...Besides all the things that are mentioned in Masechta Kesubos or elsewhere in the entire Shas, besides all these obligations, there’s a great unwritten kesubah that stands in the background, which is included in the obligations of kesubah.
The gemara says, “V’ahavta l’rayacha kamocha — a man is obligated to love his wife like himself,” an obligation that stands behind the whole marriage. A man should not marry a woman he doesn’t like, because he won’t be able to fulfill v’ahavta l’rayacha kamocha. So once he marries her, he better get busy, because...
Hakadosh Baruch Hu says, “If you love Me, then you have to love My people."
...the obligation is upon him and he must fulfill the law of the Torah, even though it’s not spelled out in the kesubah.
If a woman says, “I hate my husband,” she is making a cardinally maximal sin. You can’t hate your husband. Even if you do, you shouldn’t say it. You’re mechuyav (obligated) to love your husband. You have to work on it. When you see your husband, a fat old fellow, waddling in the street, you have to say I love that man. If you see him through the window, I love that man. You have to work on it. If you do it, hachitzonius m’oreres es hapenimius (the outside stirs the inside), little by little she gains that feeling.
Hakadosh Baruch Hu says, “If you love Me, then you have to love My people, and the fact that he’s your husband obligates you to concentrate on him more than anybody else.” Hashem loves fat short people. If they’re Jews, shomrei Torah, He loves them intensely, more than anything in the world. So the fact that it’s your husband doesn’t mean he’s deprived of that right. You should love him too. Halevai you should love him a fraction of what Hashem loves him.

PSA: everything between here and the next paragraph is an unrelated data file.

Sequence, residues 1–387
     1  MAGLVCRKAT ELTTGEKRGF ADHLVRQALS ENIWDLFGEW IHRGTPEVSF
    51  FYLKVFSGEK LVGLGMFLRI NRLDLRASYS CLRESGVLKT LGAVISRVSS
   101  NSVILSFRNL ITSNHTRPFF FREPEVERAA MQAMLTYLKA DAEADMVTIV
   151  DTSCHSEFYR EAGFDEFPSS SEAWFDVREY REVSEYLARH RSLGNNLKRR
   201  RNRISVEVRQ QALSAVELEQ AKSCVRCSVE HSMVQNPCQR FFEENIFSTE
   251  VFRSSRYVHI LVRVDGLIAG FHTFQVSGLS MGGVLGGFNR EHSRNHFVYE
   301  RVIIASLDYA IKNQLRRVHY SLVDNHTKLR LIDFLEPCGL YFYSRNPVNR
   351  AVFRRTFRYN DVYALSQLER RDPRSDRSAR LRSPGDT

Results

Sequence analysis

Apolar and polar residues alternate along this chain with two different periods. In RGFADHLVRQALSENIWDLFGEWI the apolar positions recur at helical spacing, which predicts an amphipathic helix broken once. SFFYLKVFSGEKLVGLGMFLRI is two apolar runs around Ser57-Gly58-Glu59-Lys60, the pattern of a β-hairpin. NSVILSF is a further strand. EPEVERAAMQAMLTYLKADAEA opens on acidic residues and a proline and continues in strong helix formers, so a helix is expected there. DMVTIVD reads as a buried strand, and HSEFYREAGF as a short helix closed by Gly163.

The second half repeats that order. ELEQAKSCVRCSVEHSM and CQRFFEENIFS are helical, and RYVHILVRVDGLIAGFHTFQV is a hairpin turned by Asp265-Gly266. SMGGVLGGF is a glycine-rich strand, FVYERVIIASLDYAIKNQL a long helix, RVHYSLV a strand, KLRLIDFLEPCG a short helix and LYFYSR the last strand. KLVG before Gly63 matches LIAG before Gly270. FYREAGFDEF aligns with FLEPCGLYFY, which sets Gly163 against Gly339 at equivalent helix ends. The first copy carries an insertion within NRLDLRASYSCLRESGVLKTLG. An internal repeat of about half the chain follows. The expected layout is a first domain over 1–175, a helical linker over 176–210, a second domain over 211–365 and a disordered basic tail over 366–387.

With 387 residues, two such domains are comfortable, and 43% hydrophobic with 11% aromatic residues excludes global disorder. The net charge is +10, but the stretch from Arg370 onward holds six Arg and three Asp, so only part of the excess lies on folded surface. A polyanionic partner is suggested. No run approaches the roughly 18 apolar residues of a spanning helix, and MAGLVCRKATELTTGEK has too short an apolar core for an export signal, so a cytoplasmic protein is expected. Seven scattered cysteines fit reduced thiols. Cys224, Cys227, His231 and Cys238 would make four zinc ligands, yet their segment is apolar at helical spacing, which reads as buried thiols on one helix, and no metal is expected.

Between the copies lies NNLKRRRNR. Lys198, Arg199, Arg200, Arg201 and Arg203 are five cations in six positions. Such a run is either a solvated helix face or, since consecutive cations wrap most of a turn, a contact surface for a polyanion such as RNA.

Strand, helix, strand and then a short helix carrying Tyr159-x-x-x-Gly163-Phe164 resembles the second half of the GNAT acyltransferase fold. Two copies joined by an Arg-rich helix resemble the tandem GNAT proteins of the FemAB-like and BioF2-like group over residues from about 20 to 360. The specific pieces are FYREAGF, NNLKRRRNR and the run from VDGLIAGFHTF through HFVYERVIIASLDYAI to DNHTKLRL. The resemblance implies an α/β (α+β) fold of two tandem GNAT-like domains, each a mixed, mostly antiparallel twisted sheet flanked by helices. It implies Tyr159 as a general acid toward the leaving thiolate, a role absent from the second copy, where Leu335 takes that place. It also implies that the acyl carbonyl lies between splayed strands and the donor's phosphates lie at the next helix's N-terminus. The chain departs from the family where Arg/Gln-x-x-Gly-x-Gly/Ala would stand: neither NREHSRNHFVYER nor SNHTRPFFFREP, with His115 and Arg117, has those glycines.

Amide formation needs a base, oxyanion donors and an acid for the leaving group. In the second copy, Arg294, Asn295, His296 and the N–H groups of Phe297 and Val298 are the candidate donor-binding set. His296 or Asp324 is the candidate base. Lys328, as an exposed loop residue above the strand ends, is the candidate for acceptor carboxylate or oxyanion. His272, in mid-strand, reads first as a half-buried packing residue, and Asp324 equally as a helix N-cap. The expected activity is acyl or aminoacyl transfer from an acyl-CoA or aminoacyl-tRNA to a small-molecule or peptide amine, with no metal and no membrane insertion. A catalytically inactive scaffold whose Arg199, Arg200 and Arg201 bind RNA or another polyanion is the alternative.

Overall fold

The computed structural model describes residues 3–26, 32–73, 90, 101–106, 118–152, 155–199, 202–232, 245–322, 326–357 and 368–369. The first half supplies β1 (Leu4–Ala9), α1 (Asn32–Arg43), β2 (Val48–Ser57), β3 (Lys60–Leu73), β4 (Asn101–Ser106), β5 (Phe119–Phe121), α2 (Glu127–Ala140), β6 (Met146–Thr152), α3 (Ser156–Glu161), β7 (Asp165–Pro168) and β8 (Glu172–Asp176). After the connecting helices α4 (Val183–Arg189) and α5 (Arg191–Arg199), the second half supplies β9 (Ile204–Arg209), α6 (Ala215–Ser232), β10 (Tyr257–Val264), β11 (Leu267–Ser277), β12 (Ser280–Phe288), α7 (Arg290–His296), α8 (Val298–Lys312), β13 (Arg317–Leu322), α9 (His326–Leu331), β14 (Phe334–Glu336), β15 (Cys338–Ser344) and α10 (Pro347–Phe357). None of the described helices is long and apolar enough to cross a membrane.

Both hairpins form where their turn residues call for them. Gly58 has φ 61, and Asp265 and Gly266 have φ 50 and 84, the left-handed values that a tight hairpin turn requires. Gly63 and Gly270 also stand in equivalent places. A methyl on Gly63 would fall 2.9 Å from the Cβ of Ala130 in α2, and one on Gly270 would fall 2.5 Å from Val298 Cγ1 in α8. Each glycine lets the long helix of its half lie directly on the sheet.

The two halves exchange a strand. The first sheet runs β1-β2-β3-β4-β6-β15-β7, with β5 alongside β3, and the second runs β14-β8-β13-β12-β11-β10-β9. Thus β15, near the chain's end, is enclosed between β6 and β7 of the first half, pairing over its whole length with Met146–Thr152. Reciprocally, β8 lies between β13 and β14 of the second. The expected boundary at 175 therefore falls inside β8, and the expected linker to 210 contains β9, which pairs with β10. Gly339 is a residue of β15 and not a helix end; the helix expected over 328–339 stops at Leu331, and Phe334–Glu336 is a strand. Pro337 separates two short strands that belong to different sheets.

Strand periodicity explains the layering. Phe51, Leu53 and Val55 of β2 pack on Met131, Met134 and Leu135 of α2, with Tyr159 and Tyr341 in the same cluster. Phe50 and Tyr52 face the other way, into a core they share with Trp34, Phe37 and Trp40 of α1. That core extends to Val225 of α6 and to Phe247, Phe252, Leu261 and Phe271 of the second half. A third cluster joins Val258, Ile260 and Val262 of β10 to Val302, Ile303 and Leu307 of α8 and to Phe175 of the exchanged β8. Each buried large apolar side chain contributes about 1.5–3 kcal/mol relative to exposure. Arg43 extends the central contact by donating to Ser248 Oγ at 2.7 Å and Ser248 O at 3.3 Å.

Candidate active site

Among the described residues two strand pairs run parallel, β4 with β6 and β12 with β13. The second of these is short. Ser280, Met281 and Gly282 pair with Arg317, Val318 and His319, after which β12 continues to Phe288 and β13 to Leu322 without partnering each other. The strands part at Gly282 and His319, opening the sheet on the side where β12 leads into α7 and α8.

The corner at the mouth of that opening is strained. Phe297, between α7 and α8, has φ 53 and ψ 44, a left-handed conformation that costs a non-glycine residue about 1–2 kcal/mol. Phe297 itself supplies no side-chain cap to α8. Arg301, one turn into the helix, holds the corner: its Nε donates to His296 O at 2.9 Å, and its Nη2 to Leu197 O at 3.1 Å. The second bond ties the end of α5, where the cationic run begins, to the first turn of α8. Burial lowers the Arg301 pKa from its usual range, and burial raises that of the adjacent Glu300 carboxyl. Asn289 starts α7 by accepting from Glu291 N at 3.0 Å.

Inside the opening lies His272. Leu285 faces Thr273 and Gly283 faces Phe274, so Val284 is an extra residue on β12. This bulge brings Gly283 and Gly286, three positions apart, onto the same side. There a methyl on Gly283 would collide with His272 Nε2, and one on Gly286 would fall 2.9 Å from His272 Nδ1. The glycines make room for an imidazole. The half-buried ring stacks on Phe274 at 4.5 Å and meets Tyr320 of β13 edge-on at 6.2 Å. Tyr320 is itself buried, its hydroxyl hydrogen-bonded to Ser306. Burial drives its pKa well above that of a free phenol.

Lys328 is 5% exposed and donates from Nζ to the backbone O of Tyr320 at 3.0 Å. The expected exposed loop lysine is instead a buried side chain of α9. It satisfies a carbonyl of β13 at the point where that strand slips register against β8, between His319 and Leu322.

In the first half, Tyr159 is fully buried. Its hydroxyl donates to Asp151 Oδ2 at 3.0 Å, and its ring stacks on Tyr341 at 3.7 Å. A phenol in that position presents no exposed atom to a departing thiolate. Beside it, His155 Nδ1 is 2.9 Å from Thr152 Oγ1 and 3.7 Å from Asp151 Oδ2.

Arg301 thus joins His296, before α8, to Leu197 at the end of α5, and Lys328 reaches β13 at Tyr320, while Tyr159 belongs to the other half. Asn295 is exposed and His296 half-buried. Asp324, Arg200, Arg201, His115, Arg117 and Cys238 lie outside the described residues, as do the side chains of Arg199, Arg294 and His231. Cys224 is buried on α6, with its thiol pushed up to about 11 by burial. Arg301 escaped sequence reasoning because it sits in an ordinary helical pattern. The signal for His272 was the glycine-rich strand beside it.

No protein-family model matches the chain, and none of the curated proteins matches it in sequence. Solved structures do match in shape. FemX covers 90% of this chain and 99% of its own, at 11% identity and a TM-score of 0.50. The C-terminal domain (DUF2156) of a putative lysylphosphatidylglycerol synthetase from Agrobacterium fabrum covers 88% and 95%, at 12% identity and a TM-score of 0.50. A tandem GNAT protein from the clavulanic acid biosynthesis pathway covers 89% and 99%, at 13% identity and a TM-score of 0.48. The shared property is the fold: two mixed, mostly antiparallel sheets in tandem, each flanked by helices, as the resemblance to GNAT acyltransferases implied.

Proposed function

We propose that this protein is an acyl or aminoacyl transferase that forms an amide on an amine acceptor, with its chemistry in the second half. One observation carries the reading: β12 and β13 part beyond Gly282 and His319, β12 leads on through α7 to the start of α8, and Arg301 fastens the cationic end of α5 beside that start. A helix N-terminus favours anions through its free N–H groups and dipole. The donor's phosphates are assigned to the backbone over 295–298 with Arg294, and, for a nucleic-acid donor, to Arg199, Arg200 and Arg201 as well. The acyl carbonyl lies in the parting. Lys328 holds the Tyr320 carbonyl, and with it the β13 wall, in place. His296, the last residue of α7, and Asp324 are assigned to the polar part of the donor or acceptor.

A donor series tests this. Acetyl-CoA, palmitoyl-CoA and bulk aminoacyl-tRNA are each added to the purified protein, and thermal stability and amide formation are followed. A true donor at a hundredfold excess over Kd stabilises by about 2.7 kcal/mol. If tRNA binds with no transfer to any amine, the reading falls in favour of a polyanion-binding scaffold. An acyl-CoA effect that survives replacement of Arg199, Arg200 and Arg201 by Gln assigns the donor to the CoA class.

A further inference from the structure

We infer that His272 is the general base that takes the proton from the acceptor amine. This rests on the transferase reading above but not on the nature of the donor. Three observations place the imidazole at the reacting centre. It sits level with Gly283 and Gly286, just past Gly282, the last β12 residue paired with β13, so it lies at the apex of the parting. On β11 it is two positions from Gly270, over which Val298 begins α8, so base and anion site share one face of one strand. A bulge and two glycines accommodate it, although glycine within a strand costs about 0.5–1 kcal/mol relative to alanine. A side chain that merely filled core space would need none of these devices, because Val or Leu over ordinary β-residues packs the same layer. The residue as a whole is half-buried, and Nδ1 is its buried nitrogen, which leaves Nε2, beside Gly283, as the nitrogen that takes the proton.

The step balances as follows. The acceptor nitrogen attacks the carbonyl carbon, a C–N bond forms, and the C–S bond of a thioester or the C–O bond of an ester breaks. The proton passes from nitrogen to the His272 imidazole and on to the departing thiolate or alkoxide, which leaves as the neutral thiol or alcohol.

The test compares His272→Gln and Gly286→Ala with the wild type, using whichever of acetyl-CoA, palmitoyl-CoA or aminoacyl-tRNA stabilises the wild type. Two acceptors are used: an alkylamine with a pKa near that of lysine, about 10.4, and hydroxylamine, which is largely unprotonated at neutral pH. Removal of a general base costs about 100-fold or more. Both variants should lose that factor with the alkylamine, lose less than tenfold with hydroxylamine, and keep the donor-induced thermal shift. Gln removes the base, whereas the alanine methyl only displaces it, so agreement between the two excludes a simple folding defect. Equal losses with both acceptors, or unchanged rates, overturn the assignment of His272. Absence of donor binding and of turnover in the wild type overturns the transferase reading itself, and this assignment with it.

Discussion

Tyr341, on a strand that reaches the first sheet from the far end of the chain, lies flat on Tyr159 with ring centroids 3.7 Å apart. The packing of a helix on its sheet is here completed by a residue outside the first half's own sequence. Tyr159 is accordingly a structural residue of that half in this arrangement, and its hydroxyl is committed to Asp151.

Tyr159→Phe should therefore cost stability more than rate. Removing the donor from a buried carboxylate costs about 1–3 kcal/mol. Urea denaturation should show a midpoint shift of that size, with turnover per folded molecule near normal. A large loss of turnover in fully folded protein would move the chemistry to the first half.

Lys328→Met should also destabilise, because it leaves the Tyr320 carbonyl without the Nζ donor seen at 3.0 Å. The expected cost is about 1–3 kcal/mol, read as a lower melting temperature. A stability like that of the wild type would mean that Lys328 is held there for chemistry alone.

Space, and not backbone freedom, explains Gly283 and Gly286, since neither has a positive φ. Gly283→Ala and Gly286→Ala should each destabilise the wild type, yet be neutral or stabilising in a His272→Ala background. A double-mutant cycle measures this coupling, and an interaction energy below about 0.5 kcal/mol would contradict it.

You see your wife walking in the street, she gave you a good tongue lashing when she walked out of the house. You’re still angry. You see her walking, say I love that woman. I’m mekayeim v’ahavta l’rayacha kamocha. You have to work on it. Then Hakadosh Baruch Hu will give you reward because, you have to know that this is part of the kesubah, even though it’s not stated. That’s serious.
You’ll bless My people, I’m going to bless you...
It states in the Torah, “U’mevorechecha baruch,” anybody who gives a blessing to a fellow Jew, to a frum Jew, he’s going to be blessed. It’s a tremendous contract that Hashem made. You’ll bless My people, or bless one of My people, I’m going to bless you. And Hakadosh Baruch Hu keeps His contract.
So therefore, when the husband blesses his wife, she doesn’t have to hear it. He should always be thinking, “I’m blessing my wife — a bracha on her head! My wife should be happy and healthy!” You say it to her, no harm, but you have to think these words and say these words and Hakadosh Baruch Hu says, “That’s your duty and I’m going to give you the benefit of those words.”
If she thinks of her husband in ways of blessing and she says blessings on him, if they keep on blessing each other, of course it’s even better if they hear it from each other, they should so shelo b’panav and b’panav, but it’s important to bless a fellow Jew. And which fellow Jew should you concentrate on most? On your wife, on your husband. – The Unwritten Kesubah (#E-094)